Crypto Bot Guide
Market Meditations | June 17, 2021
In Part 1 of this series, we reviewed the concept of crypto arbitrage. In this article, however, we introduce the concept of arbitrage bots, explain how to create them, evaluate some, and review advantages and disadvantages to integrating bots into your trading.
? What is an Arbitrage Bot
Without a bot, you have to sit in front of your computer monitoring the market for a buy or sell signal based on your trading strategy. When you’re removed from your computer, however, you are unable to profit. Creating and utilising an arbitrage bot scales this process by leveraging technology as opposed to human capital to monitor the market and provide buy or sell signals for you.
? How To Create an Arbitrage Bot
1️⃣ Download from open source. If you have little to no technical knowledge or experience with computer programming, the cheapest and simplest way to create a bot is to find an open source bot online to download and install. The downside is that you’ll be unable to customise the bot to your trading strategy or rectify any security issues, you’d need a software developer to do this for you. For example, if the bot you download signals a buy everytime RSI crosses below 30, but data from your trading suggests that a better buy signal is when RSI crosses below 20, you won’t be able to program this in without a technical partner.
2️⃣ Build it from scratch. If you have technical experience, or are willing to hire a software developer, your best bet is to build your own crypto trading bot. This will enable you to fully customise your bot to fit your trading needs and continue modifying it as you gather more trading data and test new strategies. Most basic trading bots can be programmed in just a few weeks. More sophisticated bots that can work with multiple data sets simultaneously, prevent security flaws, and trade on multiple exchanges, however, will likely take more time. Most bots are programmed in C++ and Python.
? Popular Crypto Arbitrage Bots
Here are a few trading bots you can look into if you’d like to get more involved. We are NOT sponsored nor being financially compensated for anything mentioned below. Do your own research.
- BlackBird. A fully open source and freely downloadable bot. Setting up Blackbird, however, does require technical knowledge in C++.
- CryptoHopper. A premium, paid arbitrage bot that allows you to gather data and backtest strategies and set up market making opportunities to take advantage of more advanced arbitrage.
- Zenbot. Another open source trading bot that is helpful for people who would rather interface with the command line rather than Python or C++.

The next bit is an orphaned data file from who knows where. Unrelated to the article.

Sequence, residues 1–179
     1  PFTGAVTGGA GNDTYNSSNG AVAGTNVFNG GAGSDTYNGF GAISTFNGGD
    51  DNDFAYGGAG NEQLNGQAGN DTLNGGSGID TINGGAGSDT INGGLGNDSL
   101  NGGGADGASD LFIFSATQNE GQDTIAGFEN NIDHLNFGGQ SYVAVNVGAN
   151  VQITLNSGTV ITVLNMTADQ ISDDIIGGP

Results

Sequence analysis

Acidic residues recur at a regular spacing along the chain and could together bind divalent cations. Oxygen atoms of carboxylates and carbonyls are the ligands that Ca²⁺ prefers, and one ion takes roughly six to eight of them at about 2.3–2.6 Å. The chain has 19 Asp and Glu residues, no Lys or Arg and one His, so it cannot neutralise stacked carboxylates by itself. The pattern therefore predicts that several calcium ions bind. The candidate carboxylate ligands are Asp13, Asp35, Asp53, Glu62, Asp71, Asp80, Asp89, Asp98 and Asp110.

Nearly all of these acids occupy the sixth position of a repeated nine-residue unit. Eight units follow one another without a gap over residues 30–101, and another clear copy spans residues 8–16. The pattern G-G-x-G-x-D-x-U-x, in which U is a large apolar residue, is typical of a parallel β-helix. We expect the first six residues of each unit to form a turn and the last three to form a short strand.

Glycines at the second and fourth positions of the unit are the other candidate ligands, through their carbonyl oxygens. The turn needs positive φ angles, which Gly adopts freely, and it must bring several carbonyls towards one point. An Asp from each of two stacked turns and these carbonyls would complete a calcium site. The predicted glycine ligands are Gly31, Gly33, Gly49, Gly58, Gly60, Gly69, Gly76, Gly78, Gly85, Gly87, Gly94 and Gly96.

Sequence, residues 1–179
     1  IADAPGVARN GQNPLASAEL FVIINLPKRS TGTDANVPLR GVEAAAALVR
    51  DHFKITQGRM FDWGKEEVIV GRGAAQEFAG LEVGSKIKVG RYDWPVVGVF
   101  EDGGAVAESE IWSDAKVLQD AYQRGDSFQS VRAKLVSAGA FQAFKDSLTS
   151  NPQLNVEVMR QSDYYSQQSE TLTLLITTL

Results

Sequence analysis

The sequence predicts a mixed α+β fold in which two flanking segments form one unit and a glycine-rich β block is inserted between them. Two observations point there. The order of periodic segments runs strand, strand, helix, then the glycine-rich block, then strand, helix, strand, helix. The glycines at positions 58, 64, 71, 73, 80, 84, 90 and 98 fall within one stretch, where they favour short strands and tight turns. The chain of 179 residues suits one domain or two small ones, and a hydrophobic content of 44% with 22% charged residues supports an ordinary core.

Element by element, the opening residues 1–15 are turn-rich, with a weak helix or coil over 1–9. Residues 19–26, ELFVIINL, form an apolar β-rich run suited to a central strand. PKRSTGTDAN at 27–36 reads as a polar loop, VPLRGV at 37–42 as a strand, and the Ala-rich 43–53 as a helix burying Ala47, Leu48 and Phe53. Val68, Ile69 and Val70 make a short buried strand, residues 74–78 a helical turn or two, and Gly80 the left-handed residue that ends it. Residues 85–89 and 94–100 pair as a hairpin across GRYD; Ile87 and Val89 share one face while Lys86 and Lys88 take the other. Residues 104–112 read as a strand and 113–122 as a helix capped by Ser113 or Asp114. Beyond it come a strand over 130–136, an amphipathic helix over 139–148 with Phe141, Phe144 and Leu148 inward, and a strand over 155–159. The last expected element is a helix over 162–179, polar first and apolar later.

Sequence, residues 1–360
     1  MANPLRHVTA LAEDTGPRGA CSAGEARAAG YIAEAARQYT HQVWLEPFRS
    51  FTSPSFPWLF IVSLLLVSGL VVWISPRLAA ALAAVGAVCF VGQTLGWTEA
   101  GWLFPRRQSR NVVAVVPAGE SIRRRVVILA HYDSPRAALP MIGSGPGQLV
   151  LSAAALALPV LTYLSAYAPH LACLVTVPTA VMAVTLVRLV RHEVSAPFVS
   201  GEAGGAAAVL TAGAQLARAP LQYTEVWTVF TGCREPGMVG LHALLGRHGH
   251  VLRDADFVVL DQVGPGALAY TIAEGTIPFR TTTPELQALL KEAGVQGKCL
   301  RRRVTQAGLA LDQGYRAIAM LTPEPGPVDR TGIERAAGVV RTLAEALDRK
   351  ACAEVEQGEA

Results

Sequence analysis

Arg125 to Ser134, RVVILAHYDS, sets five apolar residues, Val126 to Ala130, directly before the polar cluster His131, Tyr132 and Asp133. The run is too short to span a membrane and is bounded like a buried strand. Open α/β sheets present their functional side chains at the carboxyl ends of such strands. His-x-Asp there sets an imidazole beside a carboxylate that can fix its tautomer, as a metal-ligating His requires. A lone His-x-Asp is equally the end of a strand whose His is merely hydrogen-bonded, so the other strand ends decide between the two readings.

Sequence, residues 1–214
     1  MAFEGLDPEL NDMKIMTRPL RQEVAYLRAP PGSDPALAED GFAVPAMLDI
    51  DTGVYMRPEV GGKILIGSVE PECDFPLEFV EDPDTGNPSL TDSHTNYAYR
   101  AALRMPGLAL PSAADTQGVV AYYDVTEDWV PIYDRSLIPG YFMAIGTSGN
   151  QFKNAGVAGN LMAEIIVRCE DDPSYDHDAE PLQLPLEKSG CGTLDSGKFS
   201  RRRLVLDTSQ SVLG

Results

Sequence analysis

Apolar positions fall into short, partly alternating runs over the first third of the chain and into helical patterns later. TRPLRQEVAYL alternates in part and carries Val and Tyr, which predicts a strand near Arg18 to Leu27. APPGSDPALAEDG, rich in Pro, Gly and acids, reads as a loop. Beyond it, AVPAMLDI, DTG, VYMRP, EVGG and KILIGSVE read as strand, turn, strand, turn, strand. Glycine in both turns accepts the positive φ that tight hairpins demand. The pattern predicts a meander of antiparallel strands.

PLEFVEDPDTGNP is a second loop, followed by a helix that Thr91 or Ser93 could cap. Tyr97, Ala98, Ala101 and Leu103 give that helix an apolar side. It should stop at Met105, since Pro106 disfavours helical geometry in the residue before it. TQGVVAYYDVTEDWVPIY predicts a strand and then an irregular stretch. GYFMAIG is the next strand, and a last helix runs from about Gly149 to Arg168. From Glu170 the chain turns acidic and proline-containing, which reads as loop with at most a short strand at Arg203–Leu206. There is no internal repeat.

? Advantages of Arbitrage Bots
✅ 24/7 Monitoring. As we mentioned before, bots are awake even when you’re not.
✅ Affordable and Fast. Basic bots are relatively inexpensive and easy and quick to set up even with little technical knowledge.
✅ Unemotional. As traders we often fall prey to emotions like fear and greed. A crypto bot has no emotion and will execute a buy or sell strictly based on previous data.
? Disadvantages of Arbitrage Bots
❌ Strategies Can Change. Bots execute trades based on an initial algorithm. This algorithm will not change even if a strategy stops working: a bot’s job is NOT to trade profitably but rather to execute a set of actions per a list of predetermined functions. If your strategy stops working, you need to amend or dispose of the bot.
❌ No Discretion. Given that bots are unemotional, this mimics the process of a systematic trader. If your trading style is more discretionary, it may take more backtesting and experience to see which bot is right for you.
❌ Scams. There are, of course, bots that can make your trading more profitable. However in the crypto industry it’s important to be able to filter out true bots and bots from scam artists.
? Our Recommendation
- Backtest Data. Make sure that you have backtested data available for a considerable amount of time before relying on it. Just a few months of data is not enough.
- Consider Context. Furthermore, make sure that the bot you are using works in the context of the market conditions you are trading. One bot’s strategy, for example, may work well in trending markets but stop working during periods of consolidation.
- Assess Fees. You should also consider how much you’re paying for the bot, including the initial fee, any subscription services, and software developer fees to customise your bot and upgrade security if need be. We’re not saying it is unwise to spend money on improving your trading, but understanding your costs prior is essential. For example, are the fees equal or more than the fees you could pay to a fund to manage your investment for you.